Intermittency and Irreversibility in the Soil-Plant-Atmosphere System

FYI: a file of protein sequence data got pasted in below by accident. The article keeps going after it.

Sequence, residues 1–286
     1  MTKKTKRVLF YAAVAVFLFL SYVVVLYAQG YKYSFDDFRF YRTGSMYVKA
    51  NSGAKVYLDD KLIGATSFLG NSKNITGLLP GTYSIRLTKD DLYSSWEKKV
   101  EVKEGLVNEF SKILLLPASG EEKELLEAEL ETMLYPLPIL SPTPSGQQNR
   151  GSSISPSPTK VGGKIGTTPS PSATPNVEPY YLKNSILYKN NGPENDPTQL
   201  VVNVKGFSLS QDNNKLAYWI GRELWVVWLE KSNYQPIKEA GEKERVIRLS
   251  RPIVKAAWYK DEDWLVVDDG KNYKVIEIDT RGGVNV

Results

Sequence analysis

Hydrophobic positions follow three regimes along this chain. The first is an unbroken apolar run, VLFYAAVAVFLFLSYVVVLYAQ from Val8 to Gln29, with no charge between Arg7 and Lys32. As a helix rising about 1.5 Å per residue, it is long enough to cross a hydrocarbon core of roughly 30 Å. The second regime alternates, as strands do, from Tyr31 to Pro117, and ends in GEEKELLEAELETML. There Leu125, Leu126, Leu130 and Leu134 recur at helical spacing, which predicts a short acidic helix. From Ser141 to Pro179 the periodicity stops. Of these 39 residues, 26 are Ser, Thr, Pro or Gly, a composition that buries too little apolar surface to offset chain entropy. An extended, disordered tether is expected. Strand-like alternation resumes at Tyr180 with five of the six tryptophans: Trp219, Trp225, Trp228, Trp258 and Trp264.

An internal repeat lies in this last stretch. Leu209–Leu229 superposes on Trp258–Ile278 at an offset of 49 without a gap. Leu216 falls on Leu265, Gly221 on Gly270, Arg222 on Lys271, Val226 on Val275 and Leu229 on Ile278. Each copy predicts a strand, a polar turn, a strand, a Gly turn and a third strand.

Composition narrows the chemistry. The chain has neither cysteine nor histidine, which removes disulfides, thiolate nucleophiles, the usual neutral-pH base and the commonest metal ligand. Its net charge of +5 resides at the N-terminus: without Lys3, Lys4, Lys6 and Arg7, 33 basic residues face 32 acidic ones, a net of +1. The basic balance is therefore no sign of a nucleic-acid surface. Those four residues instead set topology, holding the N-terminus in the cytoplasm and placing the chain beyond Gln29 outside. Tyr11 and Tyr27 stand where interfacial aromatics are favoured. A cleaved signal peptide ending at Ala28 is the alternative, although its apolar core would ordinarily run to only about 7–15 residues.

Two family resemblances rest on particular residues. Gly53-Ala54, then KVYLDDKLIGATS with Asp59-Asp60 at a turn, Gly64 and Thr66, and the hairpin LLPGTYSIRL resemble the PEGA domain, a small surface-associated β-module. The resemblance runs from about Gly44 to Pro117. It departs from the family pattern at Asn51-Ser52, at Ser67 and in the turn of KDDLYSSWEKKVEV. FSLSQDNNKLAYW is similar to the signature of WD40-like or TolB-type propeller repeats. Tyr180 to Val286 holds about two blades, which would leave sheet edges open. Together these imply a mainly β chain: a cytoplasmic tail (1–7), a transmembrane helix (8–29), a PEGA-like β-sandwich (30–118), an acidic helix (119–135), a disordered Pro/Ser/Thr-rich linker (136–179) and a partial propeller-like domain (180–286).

The hydrologic cycle may be described in essence as the process of water rising and falling in its various phases between land and atmosphere. In this minimal description of the hydrologic cycle two features come into focus: intermittency and irreversibility. In this dissertation intermittency and irreversibility are investigated broadly in the soil-plant-atmosphere system. The theory of intermittency and irreversibility is addressed here in three ways: (1) through its effect on components of the soil-plant-atmosphere system, (2) through development of a measure of the degree of irreversibility in time-series, and (3) by the investigation of the dynamical sources of this intermittency. First, soil infiltration and spring frost risk are treated as two examples of hydrologic intermittency with very different characters and implications for the soil plant system. An investigation of the water budget in simplified soil moisture models reveals that simple bucket models of infiltration perform well against more accurate representation of intra-storm infiltration dynamics in determining the surface water partitioning. Damaging spring frost is presented as a ``biologically-defined extreme event'' and thus as a more subtle form of hydrologic intermittency. This work represents the first theoretical development of a biologically-defined extreme and highlights the importance of the interplay between daily temperature mean and variance in determining the changes in damaging frost risk in a warming climate. Second, a statistical measure of directionality/asymmetry is developed for stationary time-series based on analogies with the theory of nonequilibrium thermodynamics. This measure is then applied to a set of DNA sequences as an example of a discrete sequence with limited state-space. The DNA sequences are found to be statistically asymmetric and further that the local degree of asymmetry is a reliable indicator of the coding/noncoding status of the DNA segment. Third, the phenomenology of rainfall occurrence is compared with canonical examples of dynamical intermittency to determine whether these simple dynamical features may display a dominant signature in rainfall processes. Summer convective rainfall is found to be broadly consistent with Type-III intermittency. Following on this result we studied daytime atmospheric boundary layer dynamics with a view toward developing simplified models that may further elucidate the interaction the interaction between land surface conditions and convective rainfall triggering.
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